Amateur Naturalist

Sometimes I feel like an idiot. How has it taken me twenty-nine years to learn that the sometimes tall/ sometimes short/ sometimes bushy plant that is always green but is not an evergreen tree that lined our yard when I was nine is called arborvitae? How do I not know the differences between petunias and pansies? Why can't I classify that bird call if I have heard it all my life? Shame, ladies and gentlemen, swells up.

But then--thankfully, because where would I be if the other side of my inner-voice wasn't encouraging and gentle?--I start to write down the names of plants and animals I can name, that I hold in the store of my memories: garter snake, blackbird, robin, mourning dove, bullfrog, salamander, eastern cottontail, white-tailed deer, muskrat, porcupine, cardinal, bluejay, crow, black-capped chickadee, blue heron, lilac, snowdrop, striped and siberian squill, maple, oak, birch, pine, weeping willow, crab apple, chipmunk, grey squirrel, striped skunk, goldenrod, black-eyed susan, tulip, rose, geranium, hydrangea, bleeding heart, mum, fern, philodendron, water lily, clover, carrot, rhubarb, strawberry, raspberry, cattails, milkweed, painted turtle, mallard, trumpeter swan, Canadian goose, red fox, coyote, timberwolf, lynx, wild turkey, dandelion, sumac, poison ivy, poison oak, cricket, grasshopper, woodtick, mosquito, black fly, boxelder bug, bald eagle, loon, trout, trout lily, sunfish, catfish, carp, crappie, bullhead, bass, walleye, daddylong legs, monarch butterfly, dragonfly, raccoon, pheasant, hawk, bison, black bear, agate, granite.

And then I think, too: if I lived in Texas or Florida or New Mexico, I might be impressed with this list. Or maybe not. I might think, Why, that girl is a bit of a naturalist. Or maybe not. Some people learn the Latin names for things like others learn Spanish.

But I think for today--since I am trying--I'll rest on this thought, a type of bullfrog chorus: Good for her.
 Good for me. 
And onward.

How about you, wonderful-dear-and-genius readers?
What parts of the natural world do you know by name?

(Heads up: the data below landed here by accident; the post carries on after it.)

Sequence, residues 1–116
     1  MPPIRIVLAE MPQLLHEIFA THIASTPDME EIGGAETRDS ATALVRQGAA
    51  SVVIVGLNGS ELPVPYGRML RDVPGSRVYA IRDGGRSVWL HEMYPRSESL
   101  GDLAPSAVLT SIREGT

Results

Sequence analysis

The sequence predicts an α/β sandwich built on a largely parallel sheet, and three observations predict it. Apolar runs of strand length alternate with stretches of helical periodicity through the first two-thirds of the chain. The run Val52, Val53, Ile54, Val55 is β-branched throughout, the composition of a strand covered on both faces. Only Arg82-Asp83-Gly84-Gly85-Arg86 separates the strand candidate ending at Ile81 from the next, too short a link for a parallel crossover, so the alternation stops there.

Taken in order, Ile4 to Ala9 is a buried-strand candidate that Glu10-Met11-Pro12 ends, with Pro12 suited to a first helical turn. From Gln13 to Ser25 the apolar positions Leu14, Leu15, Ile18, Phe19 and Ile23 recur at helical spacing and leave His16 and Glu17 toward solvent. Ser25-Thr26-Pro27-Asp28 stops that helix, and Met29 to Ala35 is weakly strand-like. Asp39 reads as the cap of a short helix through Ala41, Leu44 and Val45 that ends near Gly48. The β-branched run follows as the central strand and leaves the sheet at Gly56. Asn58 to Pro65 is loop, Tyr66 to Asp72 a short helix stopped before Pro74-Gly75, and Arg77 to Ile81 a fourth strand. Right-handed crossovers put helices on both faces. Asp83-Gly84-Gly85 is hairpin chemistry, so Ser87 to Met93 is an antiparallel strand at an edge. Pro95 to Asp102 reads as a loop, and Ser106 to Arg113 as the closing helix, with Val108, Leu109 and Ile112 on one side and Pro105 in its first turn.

1. I'm embarrassed at how little I know in terms of names. It's especially shameful, having grown up in a rural area in northern MN. But all my growing up years I was focused on becoming a famous writer, preferably a poet, and just thought the world outside my window was shockingly dull (I aspired to life in NYC). I really regret that now, when I can hardly name anything. Still, never too late to learn, right?

  2. Exactly, Amy: never too late! I can't say I found the MN world dull, but I was always more drawn to the images and emotion it wrought in me -- strange (and frustrating!) for someone so interested in language. It does feel good to be making some focused efforts now, though. Thanks for commenting!

  3. I feel a special pride every time I look at or read about something and its scientific name pops into my head, especially plants. Since we put on a little wildflower show and I order native plants to sell there, I've come to learn many scientific names due solely to the repetition of reading them, researching them, ordering them, and labeling them! Repetition, I must admit, is the only way, because otherwise it is a long and torturous process with not a single reward other than the envy of far nerdier people.

    What matters more than knowing names is understanding life histories. This, we tend to know in spades! Don't worry, I don't have a mental picture of a petunia at all. But I know Lewisias (Bitterroots), Monardas (Bee Balms), Aquilegias (Columbines), and Lupines, and I find these all far more lovely and interesting than petunias! :)